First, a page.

Orange Council cuts $500K from library, which might have to close by October

ORANGE, NJ — Orange City Council cut the funding request for the Orange Public Library in Mayor Dwayne Warren’s Calendar Year 2018 proposed budget from $1.2 million to $700,000, even though members of the governing body said they believe the city’s historic landmark institution will only have enough funding to stay open to the public until the end of October.

“There was a big discussion about library and what we should do,” said at large Councilwoman Donna K. Williams on Thursday, July 12, after the end of the work session in Council Chambers. “They were asking for $1.2 million, but we only approved $700,000, and that probably means they will only have enough money to stay open until October. Nobody wants to hurt the library or the members of the community that use it and need it or the employees that work there.”

Attempts to obtain a comment from current Orange Library Board of Trustees President Esney Sharpe about the council’s decision to cut the library’s funding request were unsuccessful by press time this week.

Although the Orange Public Library is a separate entity from Orange Township and fully autonomous, it gets some of its annual funding from the city and the mayor appoints its board of trustees. The Warren administration did take over the library’s payroll and some other operating functions from 2012 to 2016, the same period of time the Federal Bureau of Investigation is investigating for allegations of wire fraud and other crimes.

Warren also appointed Tyshammie Cooper, his former chief of staff and acting business administrator, to serve as proxy on the library’s board of trustees. Cooper is currently the East Orange 4th Ward councilwoman and a candidate for a seat on the Essex County Board of Chosen Freeholders.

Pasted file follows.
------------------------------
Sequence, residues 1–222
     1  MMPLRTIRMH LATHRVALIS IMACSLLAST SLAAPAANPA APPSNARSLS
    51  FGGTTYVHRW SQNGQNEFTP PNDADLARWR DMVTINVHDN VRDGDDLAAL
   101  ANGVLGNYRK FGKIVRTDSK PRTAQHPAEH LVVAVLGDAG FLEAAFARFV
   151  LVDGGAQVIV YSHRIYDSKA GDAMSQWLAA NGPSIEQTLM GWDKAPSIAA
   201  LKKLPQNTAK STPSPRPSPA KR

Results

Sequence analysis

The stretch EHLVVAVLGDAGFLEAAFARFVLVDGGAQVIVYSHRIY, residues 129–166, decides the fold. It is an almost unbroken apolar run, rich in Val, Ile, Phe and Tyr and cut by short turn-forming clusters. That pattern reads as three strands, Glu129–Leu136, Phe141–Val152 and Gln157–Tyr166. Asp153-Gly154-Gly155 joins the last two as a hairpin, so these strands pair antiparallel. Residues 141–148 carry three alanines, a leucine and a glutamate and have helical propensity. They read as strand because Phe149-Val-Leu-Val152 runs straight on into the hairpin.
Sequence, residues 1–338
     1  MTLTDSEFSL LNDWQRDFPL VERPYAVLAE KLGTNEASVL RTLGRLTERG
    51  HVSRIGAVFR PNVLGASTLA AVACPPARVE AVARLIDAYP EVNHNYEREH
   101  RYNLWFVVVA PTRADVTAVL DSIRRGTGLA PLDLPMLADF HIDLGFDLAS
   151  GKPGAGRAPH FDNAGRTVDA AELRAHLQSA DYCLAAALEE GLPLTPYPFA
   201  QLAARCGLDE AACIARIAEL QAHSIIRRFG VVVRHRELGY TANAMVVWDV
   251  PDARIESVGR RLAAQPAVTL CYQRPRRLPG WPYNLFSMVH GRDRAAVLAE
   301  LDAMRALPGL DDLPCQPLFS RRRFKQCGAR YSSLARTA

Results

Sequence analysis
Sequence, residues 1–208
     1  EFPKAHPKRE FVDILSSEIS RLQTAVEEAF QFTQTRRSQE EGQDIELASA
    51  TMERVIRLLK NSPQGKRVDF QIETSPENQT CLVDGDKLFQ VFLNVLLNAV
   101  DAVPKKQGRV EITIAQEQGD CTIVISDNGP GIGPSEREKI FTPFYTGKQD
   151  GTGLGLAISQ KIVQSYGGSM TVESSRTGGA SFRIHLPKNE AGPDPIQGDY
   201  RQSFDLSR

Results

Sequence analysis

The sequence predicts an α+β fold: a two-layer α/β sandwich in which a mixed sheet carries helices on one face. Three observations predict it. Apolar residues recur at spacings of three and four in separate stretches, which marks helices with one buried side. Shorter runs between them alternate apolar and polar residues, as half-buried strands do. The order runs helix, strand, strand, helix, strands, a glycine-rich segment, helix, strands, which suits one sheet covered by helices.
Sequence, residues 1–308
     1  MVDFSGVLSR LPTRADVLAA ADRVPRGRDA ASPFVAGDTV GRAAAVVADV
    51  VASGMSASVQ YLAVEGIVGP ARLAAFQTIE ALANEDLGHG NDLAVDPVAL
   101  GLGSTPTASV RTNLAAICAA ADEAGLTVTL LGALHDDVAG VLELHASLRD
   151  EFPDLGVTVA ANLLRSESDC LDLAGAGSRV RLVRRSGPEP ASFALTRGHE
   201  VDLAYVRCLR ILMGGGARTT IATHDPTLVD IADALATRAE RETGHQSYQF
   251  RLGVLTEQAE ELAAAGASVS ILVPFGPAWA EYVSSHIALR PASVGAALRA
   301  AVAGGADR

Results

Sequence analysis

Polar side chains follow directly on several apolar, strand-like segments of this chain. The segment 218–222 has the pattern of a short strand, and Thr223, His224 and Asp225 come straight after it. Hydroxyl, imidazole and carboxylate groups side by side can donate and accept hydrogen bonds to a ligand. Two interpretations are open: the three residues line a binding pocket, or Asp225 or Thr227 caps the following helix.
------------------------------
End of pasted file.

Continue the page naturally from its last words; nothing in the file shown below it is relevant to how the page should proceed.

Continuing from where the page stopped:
The Orange Public Library also has an investment board that manages the endowments bequeathed to the historic local institution by James O. Watson in 1892; this board is separate from the board of trustees. Attempts to get a comment from a member of the library’s investment board were unsuccessful this week.

West Ward Councilman Harold Johnson explained Monday, July 16, why the council had decided not to provide the library’s requested funding.

“First, regardless what the library asks for, we, the governing body, have to comply to the statutory minimums. The four years I’ve been on the council, we have always allocated above that amount.”

But, Johnson said, this year, things are different, due to a $7.1 million deficit in the city budget.

“With that said, the taxpayers in Orange pay about $185K in benefits for library employees and we’ve allocated another $756K for salaries and operations,” said Johnson. “And that adds up to over $900,000, right? The mayor appoints all of the trustees and, collectively, they have not raised the additional sums of money that the library needs. The taxpayers of Orange have always contributed their fair share.”

City officials in the Warren administration were also unavailable for comment by press time this week.